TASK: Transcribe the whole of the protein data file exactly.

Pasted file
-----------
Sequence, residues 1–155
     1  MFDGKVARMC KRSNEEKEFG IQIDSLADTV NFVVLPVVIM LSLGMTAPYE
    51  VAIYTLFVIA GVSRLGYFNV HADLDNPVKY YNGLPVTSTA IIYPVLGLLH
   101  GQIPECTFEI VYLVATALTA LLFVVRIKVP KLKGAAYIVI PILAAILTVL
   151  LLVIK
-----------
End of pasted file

Sequence, residues 1–155
     1  MFDGKVARMC KRSNEEKEFG IQIDSLADTV NFVVLPVVIM LSLGMTAPYE
    51  VAIYTLFVIA GVSRLGYFNV HADLDNPVKY YNGLPVTSTA IIYPVLGLLH
   101  GQIPECTFEI VYLVATALTA LLFVVRIKVP KLKGAAYIVI PILAAILTVL
   151  LLVIK